“No, Kurt. K-U-R-T. But the similarity could be a joke. Since I’m an airline captain, my rank and name probably will be spoken a bunch of times throughout the book. Captain Kurt. It could be a little joke.” Bill lights up. “Hey, I could even say in the story at some point that my mission is to boldly go where no airline has gone before.”

I chuckle. “If that thought was interjected during a serious moment, it might give some levity to the scene.”

He’d nodding. “See. It’s a good choice.”

“Yeah, but… Kurt is too close to Kirk. How about Kurz?”

With his hands held in front of him like he’s making a frame, he says, “Bill Kurz.” He gives a nod. “Not bad. Close to Kirk so the line will work, but still unusual. Works for me.”

“Bill Kurz it is.”

“Am I married?”

I type Kurz on my list of character’s names. “Yeah.”

“What’s my wife’s name?”

“That’ll be a possible topic for another blog.”

If you want to read what Bill’s experienced in Blamed, it will be published in December 2016.

Writers, do you have these same conversations with your characters?

Mishap on Christmas Eve

Santa Claus and sleighSeveral years ago on Christmas Eve, I flew a flight from Houston to Calgary. It was a clear night with a sky full of stars. I’d turned down the cockpit lights and leaned ahead so I could look up and take in the majestic beauty. Although I would’ve preferred being home with family, I wished I could share the beauty of the night with others.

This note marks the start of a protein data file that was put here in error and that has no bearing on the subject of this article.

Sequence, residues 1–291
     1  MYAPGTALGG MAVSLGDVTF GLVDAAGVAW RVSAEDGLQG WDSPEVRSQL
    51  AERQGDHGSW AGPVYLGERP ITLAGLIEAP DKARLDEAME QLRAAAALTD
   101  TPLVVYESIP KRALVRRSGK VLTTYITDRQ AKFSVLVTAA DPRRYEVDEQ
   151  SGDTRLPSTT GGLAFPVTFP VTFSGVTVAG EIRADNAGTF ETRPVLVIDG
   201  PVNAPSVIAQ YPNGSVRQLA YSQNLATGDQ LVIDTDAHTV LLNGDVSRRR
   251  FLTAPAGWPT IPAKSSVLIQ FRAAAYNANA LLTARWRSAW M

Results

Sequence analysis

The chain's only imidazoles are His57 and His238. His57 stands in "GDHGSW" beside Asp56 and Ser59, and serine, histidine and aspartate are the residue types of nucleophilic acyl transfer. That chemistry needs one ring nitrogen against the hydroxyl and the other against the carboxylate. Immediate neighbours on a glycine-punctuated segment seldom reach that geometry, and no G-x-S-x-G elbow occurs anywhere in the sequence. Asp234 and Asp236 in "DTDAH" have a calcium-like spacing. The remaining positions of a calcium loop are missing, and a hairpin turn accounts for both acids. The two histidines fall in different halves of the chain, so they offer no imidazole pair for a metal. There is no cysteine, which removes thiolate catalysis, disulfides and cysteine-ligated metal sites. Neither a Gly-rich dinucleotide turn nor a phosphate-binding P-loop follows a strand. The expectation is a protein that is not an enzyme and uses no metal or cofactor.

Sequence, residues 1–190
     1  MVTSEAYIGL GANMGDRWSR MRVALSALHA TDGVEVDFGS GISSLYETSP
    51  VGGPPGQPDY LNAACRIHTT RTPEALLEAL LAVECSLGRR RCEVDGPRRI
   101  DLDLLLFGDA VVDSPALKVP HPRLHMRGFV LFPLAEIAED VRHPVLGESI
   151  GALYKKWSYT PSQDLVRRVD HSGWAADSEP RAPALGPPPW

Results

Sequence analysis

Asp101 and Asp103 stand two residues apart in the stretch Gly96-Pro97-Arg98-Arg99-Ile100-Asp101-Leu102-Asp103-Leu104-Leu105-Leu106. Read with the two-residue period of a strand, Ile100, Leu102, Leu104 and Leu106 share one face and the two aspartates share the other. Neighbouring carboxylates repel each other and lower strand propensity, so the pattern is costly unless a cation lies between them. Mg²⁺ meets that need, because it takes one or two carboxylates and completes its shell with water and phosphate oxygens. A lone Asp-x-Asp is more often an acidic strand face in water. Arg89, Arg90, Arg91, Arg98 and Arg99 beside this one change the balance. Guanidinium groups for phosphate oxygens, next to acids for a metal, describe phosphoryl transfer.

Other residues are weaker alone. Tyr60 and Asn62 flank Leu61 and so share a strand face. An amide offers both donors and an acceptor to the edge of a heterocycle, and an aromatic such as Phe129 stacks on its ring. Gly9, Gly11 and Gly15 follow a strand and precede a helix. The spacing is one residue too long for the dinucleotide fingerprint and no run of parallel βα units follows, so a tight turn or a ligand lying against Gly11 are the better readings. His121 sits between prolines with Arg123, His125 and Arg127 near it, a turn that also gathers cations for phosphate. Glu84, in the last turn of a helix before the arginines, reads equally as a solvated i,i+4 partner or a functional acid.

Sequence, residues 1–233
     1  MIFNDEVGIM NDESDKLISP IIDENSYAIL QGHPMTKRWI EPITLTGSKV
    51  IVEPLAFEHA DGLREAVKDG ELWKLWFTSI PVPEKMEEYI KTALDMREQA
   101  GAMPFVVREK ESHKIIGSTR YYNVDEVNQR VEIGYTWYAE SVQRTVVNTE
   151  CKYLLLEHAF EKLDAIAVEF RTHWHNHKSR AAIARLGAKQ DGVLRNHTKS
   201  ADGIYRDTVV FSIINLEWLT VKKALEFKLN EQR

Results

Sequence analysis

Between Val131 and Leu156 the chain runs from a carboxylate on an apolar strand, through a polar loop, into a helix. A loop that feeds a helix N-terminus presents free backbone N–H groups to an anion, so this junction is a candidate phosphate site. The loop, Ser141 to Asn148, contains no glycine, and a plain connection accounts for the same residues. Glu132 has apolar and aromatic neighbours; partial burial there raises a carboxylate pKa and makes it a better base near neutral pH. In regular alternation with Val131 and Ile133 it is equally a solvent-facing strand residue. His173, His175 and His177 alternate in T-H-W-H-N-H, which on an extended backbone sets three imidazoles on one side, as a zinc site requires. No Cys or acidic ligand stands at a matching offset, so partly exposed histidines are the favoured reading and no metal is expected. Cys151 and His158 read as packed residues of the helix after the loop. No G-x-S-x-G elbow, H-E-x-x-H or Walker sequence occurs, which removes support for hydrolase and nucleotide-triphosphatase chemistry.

Nearing the U.S.-Canadian border, the traffic collision and avoidance system began to yell at us. “Traffic. Traffic.”

 The first officer and I both checked the navigation display to see where the yellow dot was located in reference to our aircraft, and whether it was above or below us. The dot that represented the aircraft that had the potential of colliding with us was on my side of the aircraft and below. We turned our attention outside searching for the aircraft.

 Several seconds went by while the dot on the screen moved closer to our aircraft. Neither the first officer nor I spotted the other aircraft. As clear a night as it was, we should’ve seen the red and green navigation lights.

 When the dot was within three miles of us, the yellow dot turned to red and “Climb. Climb,” was announced.

I disconnected the autopilot and eased the yoke back making the 737 climb. Both of us frantically searched for the other aircraft. When the dot on the navigation screen merged with our aircraft, I spotted the traffic.

I blinked and looked again. Some old fart with a long white beard that blew out behind him, wearing a red coat and cap, was flying a sleigh pulled by eight reindeer. The back of the sleigh was stuffed with a bag full of multi-colored items.